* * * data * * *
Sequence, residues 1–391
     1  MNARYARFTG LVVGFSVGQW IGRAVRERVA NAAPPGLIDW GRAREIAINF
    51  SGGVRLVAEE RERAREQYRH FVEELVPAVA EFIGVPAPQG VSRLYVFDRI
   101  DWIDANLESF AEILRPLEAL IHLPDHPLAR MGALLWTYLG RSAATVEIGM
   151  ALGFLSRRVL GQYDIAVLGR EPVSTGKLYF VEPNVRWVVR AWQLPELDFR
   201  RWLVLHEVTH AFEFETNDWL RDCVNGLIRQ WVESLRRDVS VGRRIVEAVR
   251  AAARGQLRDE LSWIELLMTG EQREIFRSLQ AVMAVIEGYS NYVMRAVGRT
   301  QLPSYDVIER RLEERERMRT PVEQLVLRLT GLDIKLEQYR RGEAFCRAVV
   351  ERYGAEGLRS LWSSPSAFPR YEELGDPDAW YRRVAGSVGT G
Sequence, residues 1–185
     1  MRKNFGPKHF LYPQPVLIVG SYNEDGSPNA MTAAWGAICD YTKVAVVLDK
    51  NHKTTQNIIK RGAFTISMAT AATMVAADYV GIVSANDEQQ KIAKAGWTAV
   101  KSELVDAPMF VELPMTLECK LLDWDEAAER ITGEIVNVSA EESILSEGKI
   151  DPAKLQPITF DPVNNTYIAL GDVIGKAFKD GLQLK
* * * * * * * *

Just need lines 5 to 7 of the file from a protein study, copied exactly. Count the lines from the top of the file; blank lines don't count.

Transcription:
   151  ALGFLSRRVL GQYDIAVLGR EPVSTGKLYF VEPNVRWVVR AWQLPELDFR
   201  RWLVLHEVTH AFEFETNDWL RDCVNGLIRQ WVESLRRDVS VGRRIVEAVR
   251  AAARGQLRDE LSWIELLMTG EQREIFRSLQ AVMAVIEGYS NYVMRAVGRT